A ferocious giant beast that roamed Earth 255 million years ago would have had terrible toothache - thank to a cancerous tumor in its jaws, according to new research.
The prehistoric creature was suffering from a dental tumor - making it the world's oldest cancer case.
When paleontologists cut into the gorgonopsid's fossilized jaw they got more than they bargained for - a benign growth made up of miniature, tooth like structures.
Known as a compound odontoma, it is common to mammals today.
Professor Christian Sidor, of the University of Washington, said: 'We think this is by far the oldest known instance of a compound odontoma. It would indicate this is an ancient type of tumor.'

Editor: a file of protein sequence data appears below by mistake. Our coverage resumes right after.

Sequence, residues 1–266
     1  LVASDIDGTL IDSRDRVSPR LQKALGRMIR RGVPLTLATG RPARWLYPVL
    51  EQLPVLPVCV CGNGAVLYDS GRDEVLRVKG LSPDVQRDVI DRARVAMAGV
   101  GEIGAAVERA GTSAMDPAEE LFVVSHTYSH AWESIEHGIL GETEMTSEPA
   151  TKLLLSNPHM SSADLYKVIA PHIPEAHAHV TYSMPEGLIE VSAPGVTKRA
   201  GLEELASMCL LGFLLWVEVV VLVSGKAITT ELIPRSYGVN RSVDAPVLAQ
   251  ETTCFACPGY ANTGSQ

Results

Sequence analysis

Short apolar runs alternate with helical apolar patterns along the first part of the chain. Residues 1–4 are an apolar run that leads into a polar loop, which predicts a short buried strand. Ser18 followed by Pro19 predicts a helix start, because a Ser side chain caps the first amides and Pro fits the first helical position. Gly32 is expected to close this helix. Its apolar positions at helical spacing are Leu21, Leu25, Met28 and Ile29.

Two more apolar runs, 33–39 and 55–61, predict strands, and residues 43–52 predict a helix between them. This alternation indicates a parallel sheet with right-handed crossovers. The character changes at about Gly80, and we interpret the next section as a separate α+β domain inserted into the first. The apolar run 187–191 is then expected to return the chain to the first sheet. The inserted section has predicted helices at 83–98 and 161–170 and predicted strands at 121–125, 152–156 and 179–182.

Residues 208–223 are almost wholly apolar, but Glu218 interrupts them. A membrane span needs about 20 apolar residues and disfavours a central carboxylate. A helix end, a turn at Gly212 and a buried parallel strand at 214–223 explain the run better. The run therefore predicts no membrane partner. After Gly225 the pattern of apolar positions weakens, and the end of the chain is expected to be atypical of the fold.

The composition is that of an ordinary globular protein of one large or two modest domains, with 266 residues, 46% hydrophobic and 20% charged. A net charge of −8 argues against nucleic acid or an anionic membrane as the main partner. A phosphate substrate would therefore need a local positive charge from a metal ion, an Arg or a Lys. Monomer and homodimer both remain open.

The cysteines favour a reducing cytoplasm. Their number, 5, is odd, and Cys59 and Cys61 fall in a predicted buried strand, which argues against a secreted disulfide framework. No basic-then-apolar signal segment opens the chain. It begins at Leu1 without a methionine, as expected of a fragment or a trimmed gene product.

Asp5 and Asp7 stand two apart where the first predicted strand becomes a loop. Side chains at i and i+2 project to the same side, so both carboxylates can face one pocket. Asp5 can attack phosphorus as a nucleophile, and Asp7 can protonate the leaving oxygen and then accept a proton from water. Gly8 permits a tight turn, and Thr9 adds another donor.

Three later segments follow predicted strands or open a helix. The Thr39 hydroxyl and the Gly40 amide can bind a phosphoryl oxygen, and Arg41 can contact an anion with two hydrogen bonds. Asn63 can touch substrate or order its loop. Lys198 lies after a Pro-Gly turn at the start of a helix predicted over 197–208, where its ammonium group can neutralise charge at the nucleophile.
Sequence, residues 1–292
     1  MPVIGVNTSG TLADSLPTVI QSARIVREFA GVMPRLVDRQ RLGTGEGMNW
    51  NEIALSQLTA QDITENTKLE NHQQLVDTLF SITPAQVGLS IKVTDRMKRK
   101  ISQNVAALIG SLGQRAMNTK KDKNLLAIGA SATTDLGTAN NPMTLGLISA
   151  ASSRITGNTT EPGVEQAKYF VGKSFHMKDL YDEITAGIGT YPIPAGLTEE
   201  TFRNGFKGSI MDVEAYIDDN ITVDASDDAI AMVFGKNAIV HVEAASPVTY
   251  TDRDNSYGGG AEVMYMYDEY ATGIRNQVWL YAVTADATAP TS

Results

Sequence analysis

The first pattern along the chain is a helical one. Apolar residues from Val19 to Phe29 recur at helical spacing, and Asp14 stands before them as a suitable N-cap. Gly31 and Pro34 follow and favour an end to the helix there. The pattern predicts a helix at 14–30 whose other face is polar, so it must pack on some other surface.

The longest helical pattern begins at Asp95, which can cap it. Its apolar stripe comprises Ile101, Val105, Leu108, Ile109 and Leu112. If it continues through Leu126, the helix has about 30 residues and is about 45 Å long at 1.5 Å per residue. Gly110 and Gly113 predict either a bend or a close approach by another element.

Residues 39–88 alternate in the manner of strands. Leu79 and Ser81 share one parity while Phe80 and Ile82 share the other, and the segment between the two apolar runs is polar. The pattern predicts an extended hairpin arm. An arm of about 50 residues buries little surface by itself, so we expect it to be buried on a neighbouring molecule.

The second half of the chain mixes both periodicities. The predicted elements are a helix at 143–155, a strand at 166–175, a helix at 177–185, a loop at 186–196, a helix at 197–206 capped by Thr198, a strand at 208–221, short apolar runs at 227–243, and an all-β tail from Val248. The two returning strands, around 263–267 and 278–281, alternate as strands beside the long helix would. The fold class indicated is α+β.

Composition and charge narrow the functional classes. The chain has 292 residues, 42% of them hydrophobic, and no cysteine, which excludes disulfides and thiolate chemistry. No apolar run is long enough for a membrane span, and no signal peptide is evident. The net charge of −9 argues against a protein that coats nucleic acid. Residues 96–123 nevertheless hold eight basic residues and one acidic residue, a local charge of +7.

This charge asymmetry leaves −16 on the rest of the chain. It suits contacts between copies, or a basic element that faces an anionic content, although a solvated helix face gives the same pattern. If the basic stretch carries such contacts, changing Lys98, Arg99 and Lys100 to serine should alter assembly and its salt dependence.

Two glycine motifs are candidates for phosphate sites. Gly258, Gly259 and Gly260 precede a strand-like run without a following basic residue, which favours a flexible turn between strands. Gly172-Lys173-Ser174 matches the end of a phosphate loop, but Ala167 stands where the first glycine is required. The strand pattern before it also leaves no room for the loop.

Gorgonopsids were the largest predators of the late Paleozoic, the era just before dinosaurs.
Featured in the BBC's Walking With Monsters they became extinct 250 million years ago.
Also known as 'gorgons', they grew as large as 10 feet long and were among the most ferocious predators ever.
Before the discovery published in the Journal of the American Medical Association Oncology, the earliest known evidence of odontomas came from the Ice Age in fossilized mammoths and deer, informs Daily Mail.